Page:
Abnormal liver function
Acute renal failure
Increase in blood urea nitrogen
Vestibular and auditory damage
It is strongly recommended that the UK National Poisons Information Service be consulted on cases of suspected or actual overdose where there is doubt over the degree of risk or about appropriate management.
The following number will direct the caller to the relevant local centre (0844) 892 0111
Information may be obtained if you have access to ToxBase the primary clinical toxicology database of the National Poisons Information Service. This is available via password on the internet ( www.toxbase.org ) or if this is unavailable at the backup site ( www.toxbasebackup.org ).
Last Full Review Date: May 2017
Drugs During Pregnancy and Lactation: Treatment Options and Risk Assessment, 3rd edition (2015) ed. Schaefer, C., Peters, P. and Miller, R. Elsevier, London.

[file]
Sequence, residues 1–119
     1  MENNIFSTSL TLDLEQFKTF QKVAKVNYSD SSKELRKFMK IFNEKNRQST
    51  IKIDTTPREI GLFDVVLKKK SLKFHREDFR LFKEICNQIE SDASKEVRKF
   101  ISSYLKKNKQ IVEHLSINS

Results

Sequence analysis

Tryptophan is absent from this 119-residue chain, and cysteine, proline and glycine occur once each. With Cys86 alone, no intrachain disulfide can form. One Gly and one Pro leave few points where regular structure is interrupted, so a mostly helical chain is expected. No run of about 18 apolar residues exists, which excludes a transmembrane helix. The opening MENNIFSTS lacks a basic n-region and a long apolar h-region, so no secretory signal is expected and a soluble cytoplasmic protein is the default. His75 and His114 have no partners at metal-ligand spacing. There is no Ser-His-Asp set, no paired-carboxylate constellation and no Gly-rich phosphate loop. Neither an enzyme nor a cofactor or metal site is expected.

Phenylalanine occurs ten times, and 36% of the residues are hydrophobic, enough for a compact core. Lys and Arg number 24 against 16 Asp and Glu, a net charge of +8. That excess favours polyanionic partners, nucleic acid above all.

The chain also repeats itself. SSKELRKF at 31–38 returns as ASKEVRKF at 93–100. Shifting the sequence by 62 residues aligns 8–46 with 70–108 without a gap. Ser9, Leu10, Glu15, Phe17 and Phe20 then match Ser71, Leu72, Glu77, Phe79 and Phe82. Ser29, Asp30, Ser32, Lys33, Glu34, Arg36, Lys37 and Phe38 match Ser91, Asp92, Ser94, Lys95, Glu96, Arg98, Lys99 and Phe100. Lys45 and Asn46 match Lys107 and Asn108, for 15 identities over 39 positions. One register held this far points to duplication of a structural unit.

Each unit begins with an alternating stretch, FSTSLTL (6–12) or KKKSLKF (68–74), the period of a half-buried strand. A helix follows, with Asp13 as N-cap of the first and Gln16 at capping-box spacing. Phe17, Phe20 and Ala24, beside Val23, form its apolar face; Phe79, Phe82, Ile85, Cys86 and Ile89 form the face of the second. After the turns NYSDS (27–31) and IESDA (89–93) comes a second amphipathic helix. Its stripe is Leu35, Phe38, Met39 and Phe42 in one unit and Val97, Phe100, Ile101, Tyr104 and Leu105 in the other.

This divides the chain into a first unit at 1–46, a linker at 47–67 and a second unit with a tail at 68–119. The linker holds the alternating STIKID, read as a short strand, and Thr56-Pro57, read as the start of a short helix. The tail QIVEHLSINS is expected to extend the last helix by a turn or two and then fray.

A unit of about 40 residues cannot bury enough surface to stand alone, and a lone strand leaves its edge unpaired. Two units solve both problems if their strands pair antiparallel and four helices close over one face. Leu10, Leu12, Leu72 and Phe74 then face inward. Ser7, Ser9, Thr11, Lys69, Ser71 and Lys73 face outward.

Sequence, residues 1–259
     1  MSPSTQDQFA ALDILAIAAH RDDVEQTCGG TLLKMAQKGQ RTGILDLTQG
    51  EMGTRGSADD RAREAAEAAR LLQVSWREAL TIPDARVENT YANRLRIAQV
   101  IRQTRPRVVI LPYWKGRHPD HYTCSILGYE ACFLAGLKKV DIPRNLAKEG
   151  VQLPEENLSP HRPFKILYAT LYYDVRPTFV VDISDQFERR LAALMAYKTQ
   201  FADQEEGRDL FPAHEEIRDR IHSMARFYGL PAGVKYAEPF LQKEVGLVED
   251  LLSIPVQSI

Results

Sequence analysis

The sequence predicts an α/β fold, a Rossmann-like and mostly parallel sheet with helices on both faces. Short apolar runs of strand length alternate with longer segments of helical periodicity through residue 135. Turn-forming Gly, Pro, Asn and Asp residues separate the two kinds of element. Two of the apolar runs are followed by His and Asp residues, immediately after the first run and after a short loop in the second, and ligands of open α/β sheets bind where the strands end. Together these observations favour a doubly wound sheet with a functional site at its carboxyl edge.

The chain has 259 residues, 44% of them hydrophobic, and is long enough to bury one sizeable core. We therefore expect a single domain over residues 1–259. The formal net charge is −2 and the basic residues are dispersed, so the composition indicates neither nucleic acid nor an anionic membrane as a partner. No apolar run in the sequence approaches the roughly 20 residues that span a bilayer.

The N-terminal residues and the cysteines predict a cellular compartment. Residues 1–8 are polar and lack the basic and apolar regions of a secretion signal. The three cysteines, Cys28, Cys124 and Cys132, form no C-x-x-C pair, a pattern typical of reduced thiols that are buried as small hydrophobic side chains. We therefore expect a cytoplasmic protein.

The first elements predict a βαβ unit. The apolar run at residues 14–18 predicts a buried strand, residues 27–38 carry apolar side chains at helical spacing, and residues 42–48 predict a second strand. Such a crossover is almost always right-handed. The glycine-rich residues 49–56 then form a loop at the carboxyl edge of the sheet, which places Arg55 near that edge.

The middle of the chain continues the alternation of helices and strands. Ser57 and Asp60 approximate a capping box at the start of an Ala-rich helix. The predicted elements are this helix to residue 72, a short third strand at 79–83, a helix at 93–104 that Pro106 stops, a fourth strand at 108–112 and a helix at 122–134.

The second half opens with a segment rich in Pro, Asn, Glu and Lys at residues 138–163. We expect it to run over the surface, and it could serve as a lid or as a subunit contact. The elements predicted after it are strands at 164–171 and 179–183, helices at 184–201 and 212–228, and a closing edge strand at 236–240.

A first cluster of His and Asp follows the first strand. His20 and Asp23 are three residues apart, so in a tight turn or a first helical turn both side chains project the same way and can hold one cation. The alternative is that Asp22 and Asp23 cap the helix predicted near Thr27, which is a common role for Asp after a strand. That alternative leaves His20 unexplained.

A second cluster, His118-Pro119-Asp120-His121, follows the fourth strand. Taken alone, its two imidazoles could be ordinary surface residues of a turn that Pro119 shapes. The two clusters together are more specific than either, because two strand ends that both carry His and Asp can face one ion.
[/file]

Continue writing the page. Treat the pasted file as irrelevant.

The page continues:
Drugs in Pregnancy and Lactation: A Reference Guide to Fetal and Neonatal Risk, 10th edition (2015) ed. Briggs, G., Freeman, R. Wolters Kluwer Health, Philadelphia.
Summary of Product Characteristics: Gentamicin Intrathecal 5mg/ml. Zentiva. Revised June 2015.
MHRA Drug Safety Update October 2017
Available at: https://www.mhra.gov.uk
Last accessed: 25 January 2018
US National Library of Medicine. Toxicology Data Network. Drugs and Lactation Database (LactMed).
Available at: https://toxnet.nlm.nih.gov/cgi-bin/sis/htmlgen?LACT
Gentamicin Last revised: 10 March 2015
Last accessed: 25 April 2017
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Medscape UK | Univadis prescription drug monographs & interactions are based on FDB Multilex Content